6000 In the fear that accompanies the arrival of Africanized bees, some groups may want to ban beekeeping in their areas. That's the very worst thing we could do." /> In the fear that accompanies the arrival of Africanized bees, some groups may want to ban beekeeping in their areas. That's the very worst thing we could do." /> CAES NEWSWIRE | 10 Bee mistakes Skip to Main Menu Skip to Content

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Don't let fear cause 'killer' bee mistakes

By Keith S. Delaplane
University of Georgia

In the fear that accompanies the arrival of Africanized bees, some groups may want to ban beekeeping in their areas. That's the very worst thing we could do.

Volume XXXI
Number 1
Page 10

Beekeepers are the very best defense Georgians have against Africanized honeybees, more popularly known as "killer" bees.

Without beekeepers, the population density of the docile European bees already in an area will decline. That will leave the area open to infestation by Africanized bees. It's the equivalent of abandoning territory to the enemy.

Only beekeepers have the knowledge and resources to maintain high densities of European bees that can genetically dilute Africanized populations.

As Africanized bees expand into temperate areas, their tropical adaptations are less advantageous to them. Cold weather seems to limit both their defensiveness and overwintering ability.

'Hybrid zones'

These bees are more defensive in warm, tropical regions and less so in cooler zones. In areas where their ranges overlap, Africanized and European bees interbreed, causing "hybrid zones" where bees share African and European traits.

In Argentina, Africanized bees dominate in the northern, semitropical regions, but European bees dominate in the southern, temperate areas. The area in between (about latitude 32 to 34) is a hybrid zone where bees have varying degrees of African or European traits.

A similar pattern may occur in Georgia with African traits dominating in southern regions.

It probably won't be long now before Africanized bees arrive in Georgia. But it's important to remember that for most people, life won't change at all. We'll just have one more thing to think about when we're outdoors.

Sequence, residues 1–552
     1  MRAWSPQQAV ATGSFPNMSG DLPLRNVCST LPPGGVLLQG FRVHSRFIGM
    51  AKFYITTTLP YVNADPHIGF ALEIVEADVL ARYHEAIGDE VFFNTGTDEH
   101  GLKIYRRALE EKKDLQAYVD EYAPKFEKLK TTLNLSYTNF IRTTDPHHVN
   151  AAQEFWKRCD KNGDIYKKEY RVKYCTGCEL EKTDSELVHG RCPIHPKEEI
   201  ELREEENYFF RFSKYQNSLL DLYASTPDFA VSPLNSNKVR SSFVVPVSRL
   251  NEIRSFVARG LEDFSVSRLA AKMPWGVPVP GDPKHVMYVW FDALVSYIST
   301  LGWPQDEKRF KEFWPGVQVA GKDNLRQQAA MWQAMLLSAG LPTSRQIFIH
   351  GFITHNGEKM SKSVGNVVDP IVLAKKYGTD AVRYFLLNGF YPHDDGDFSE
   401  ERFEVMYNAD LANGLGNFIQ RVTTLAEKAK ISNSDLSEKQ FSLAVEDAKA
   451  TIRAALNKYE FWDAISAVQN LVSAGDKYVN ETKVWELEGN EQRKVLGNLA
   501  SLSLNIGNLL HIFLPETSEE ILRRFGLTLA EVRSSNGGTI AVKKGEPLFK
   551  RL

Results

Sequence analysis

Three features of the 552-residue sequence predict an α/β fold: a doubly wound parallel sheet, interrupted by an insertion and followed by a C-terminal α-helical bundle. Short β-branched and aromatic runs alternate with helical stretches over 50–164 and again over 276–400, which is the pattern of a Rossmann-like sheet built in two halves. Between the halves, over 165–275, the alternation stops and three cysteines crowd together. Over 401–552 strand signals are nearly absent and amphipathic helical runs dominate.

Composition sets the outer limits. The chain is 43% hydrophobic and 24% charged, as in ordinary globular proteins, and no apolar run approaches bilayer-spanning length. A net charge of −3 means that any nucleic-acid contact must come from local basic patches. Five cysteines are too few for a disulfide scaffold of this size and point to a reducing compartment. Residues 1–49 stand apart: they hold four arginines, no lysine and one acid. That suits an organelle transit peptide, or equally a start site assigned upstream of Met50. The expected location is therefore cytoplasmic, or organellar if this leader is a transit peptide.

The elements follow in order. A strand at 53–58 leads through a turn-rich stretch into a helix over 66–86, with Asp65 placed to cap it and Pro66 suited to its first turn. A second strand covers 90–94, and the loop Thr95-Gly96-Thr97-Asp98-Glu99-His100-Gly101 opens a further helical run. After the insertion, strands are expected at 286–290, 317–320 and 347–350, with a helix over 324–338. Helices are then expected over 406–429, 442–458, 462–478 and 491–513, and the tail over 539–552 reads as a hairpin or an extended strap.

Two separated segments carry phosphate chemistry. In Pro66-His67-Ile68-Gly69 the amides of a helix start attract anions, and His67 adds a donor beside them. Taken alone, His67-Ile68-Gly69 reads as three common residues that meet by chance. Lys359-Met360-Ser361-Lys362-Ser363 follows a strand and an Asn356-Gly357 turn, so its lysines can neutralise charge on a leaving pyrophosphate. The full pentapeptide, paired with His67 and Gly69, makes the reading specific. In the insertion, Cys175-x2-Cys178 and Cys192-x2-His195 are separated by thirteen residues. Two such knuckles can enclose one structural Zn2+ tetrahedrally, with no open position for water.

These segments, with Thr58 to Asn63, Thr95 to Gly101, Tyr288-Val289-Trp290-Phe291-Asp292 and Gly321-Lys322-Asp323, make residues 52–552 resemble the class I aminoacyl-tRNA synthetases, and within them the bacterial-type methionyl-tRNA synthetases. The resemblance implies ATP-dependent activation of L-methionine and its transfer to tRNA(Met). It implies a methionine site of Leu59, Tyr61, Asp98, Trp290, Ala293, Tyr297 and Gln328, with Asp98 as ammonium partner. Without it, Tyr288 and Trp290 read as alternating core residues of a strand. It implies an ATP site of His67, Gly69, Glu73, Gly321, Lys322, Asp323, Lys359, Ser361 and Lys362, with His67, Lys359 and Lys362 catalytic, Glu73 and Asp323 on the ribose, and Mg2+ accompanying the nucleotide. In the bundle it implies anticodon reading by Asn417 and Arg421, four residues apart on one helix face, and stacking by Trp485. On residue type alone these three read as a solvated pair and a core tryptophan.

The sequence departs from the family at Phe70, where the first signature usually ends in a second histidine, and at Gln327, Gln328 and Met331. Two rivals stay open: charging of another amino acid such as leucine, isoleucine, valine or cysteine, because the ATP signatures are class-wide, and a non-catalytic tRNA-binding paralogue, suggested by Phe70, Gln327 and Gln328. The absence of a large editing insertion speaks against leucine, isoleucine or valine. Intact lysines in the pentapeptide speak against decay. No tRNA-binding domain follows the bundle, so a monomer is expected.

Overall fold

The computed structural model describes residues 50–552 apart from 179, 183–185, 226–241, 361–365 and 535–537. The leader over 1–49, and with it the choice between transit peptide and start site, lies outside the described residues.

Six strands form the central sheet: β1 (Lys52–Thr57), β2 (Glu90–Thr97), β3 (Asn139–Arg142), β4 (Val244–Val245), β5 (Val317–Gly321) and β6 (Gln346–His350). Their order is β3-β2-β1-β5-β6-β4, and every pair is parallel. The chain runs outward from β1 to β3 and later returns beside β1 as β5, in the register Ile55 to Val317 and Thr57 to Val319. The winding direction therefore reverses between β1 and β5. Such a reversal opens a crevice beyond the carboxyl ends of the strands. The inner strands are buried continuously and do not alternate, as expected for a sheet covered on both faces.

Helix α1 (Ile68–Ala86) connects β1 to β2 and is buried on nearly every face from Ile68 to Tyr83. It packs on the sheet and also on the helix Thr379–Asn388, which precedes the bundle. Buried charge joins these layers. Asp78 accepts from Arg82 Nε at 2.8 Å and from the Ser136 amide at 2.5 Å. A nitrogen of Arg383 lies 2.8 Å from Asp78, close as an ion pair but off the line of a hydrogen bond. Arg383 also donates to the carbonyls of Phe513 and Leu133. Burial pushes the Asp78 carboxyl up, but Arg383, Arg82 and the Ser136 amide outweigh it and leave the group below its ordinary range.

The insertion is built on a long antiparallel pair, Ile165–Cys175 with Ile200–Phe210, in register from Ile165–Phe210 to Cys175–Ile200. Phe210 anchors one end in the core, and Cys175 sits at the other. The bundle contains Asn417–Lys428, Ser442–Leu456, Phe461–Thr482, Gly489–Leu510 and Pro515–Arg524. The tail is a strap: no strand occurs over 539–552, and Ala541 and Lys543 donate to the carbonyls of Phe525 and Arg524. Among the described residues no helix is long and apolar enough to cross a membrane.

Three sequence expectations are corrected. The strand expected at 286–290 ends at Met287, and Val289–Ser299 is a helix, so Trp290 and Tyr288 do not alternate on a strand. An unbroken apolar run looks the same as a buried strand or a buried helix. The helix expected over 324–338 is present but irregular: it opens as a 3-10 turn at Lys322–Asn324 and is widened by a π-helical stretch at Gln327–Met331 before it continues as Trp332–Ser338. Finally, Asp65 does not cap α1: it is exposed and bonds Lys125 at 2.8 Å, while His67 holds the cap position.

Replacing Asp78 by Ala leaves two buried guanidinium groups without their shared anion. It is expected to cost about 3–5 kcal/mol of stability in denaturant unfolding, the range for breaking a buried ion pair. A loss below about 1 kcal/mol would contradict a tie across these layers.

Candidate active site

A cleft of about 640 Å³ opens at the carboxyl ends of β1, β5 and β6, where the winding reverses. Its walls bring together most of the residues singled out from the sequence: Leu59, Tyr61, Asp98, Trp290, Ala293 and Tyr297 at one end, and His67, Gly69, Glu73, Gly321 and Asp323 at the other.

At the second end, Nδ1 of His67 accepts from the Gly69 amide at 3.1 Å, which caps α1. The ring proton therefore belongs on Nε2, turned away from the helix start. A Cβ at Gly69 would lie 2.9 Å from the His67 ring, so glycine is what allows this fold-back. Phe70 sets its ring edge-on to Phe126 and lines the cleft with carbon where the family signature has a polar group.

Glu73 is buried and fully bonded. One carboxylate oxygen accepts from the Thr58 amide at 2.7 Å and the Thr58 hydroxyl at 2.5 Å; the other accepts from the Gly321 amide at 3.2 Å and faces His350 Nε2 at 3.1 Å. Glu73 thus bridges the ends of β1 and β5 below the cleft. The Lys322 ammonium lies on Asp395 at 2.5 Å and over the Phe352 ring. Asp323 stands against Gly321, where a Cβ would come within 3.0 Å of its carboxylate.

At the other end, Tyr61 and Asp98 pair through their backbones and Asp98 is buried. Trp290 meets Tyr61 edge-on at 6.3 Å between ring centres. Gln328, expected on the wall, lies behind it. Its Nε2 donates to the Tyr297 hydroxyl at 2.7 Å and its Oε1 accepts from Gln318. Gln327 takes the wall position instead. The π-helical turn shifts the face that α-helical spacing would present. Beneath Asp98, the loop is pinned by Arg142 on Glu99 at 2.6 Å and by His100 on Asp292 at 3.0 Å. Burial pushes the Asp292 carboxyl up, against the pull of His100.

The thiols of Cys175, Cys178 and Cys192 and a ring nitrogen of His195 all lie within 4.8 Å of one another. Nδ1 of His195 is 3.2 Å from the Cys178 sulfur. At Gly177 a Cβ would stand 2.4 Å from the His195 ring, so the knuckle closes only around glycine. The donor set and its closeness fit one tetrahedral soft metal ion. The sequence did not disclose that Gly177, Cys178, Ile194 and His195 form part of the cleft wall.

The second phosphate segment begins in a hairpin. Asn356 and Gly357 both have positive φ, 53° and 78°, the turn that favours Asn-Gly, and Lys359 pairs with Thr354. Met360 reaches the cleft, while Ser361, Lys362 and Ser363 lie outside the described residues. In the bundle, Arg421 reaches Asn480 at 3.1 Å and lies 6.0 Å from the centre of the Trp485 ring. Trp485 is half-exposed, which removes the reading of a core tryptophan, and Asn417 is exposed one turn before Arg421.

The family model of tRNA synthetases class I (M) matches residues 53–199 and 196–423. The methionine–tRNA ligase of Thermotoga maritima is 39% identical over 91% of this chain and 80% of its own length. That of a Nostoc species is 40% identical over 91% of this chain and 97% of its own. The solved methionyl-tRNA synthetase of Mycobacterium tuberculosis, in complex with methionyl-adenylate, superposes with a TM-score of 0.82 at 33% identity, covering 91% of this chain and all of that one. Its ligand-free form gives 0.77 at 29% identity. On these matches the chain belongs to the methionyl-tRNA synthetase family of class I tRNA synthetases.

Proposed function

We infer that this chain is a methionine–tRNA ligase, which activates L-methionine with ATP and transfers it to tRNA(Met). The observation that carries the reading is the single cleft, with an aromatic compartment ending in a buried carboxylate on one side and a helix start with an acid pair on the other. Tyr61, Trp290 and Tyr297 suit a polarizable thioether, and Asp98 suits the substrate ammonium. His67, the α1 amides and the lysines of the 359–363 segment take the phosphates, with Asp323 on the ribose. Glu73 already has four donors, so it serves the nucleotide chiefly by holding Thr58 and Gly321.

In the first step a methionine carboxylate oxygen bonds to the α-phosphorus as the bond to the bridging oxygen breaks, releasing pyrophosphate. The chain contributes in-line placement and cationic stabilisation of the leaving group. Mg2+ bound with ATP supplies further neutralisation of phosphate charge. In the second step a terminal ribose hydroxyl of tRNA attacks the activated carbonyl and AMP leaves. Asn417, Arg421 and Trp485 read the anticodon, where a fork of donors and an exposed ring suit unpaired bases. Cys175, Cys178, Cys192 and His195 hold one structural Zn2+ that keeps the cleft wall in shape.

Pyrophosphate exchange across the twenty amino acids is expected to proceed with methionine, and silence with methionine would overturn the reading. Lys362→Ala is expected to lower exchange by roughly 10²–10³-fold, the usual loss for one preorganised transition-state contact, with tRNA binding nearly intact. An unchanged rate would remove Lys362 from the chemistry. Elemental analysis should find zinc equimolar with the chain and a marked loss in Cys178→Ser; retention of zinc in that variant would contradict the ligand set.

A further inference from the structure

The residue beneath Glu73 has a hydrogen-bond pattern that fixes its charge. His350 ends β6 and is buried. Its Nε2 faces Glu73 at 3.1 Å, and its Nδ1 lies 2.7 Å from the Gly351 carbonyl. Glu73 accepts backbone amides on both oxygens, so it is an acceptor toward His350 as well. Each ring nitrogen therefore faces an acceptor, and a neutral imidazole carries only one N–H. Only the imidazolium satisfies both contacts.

Long flight

Introduced into Brazil in the 1950s, Africanized bees arrived in the United States in October 1990. For the next 15 years, they spread mostly in the Southwest, including California and southern Nevada.

Last summer, established populations were formally announced in Florida.

Compared to the honeybees that European settlers brought here centuries ago, the African bees are much more defensive. Large numbers of them sometimes sting people and livestock with little provocation.

This is the behavior for which the media widely calls them "killer bees." People do sometimes get alarmed when they first arrive, but Africanized bees don't cause widespread or permanent chaos.

Don't panic

Just stay alert for wild bee colonies when you're outdoors, the same way you should look out for fire ants and poisonous snakes. It's just a matter of being prepared for when they do arrive.

Remember these points:

  • Never knowingly approach an occupied bee nest. During daylight hours, bees can be seen flying to and from their entrance.

  • Don't disturb a swarm of bees. Call a professional bee removal service or your county University of Georgia Cooperative Extension agent for help in removing it.

  • Never climb a tree, kick a log or stump or move trash until you first check to see whether bees are flying in and out.

  • Be sure the walls of your house and outbuildings don't have cracks or holes where a colony of bees could enter and form a nest.

  • Keep an escape route in mind. Never crawl into an enclosed place from which you can't quickly exit.

  • Operators of open-cab tractors are especially at risk from hidden in-ground colonies. Keeping a beekeeper's veil on hand is a good safety precaution.
And in the meantime, it's vital that we and our lawmakers understand how critical our European honeybees and consequently our beekeepers are.

(Keith Delaplane is a Cooperative Extension entomologist with the University of Georgia College of Agricultural and Environmental Sciences.)

(Keith Delaplane is a professor and Cooperative Extension bee specialist with the University of Georgia College of Agricultural and Environmental Sciences.)

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